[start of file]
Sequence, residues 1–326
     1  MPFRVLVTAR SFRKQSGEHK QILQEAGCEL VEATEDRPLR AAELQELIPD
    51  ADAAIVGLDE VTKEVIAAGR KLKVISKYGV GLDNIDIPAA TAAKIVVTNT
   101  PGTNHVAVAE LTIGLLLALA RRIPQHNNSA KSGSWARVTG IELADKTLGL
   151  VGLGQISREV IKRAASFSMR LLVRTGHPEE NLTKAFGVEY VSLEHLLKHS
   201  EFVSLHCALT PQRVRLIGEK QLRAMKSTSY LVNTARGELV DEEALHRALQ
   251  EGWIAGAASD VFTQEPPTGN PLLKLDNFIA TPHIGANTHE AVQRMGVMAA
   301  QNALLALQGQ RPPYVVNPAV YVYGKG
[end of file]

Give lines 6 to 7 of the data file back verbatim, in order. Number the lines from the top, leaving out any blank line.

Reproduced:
   201  EFVSLHCALT PQRVRLIGEK QLRAMKSTSY LVNTARGELV DEEALHRALQ
   251  EGWIAGAASD VFTQEPPTGN PLLKLDNFIA TPHIGANTHE AVQRMGVMAA